The National Museum of Computing reports it is working to refurbish what it believes is the last ICT 1301 in good enough shape to have a chance of working again.
The machine -- hardly a "desktop" unit with its 20-foot by 23-foot size -- had originally been used to produce exam results for students at the University of London in the 1960s.
"Before this time, computers were absolutely huge with valves and thousands of vacuum tubes and would get incredibly hot, making them difficult to house in a normal business," museum trustee Kevin Murrell told the BBC. "But this machine used transistors, which used very little power. That meant you could have more of them in the same space, you didn't need the complex cooling equipment and you wouldn't require the high power that earlier computers needed."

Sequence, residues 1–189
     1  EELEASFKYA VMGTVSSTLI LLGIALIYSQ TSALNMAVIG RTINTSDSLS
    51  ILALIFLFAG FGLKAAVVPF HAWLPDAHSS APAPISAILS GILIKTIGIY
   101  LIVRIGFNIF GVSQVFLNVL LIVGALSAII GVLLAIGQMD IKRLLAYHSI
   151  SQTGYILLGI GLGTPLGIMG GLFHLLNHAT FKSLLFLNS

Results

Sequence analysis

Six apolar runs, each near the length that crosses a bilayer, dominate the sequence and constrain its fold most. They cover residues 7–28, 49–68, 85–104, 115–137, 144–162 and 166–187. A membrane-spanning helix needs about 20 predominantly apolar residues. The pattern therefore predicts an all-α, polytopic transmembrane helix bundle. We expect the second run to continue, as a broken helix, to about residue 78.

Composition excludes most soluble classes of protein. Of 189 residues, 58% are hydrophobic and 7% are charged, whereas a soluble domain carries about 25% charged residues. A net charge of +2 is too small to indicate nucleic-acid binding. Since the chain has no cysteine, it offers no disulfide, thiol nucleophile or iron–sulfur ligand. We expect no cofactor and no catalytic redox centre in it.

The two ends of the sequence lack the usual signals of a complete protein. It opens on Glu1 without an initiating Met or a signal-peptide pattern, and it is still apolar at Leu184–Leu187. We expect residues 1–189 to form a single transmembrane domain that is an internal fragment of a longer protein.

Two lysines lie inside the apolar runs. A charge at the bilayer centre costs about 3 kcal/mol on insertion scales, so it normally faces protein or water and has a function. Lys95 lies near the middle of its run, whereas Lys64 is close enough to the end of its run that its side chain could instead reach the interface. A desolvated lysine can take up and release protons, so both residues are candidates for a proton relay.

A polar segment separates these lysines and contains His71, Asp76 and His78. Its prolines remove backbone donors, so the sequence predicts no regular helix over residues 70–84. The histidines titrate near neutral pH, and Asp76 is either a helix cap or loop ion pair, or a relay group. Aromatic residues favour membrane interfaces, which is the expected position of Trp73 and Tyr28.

After its stint at the university, it was sold at scrap metal value to a group of students. It later ended up on a farm in Kent, whose owner donated it to the museum.
Of the 150 ICT 1301s built, only four are thought to survive, museum officials said, with the other three being beyond repair.
The goal is to repair the machine to running condition, they said.
"One of the problems with computers as museum artifacts is that when they are switched off they are fairly boring -- it's fairly difficult to learn anything from them," Murrell said.
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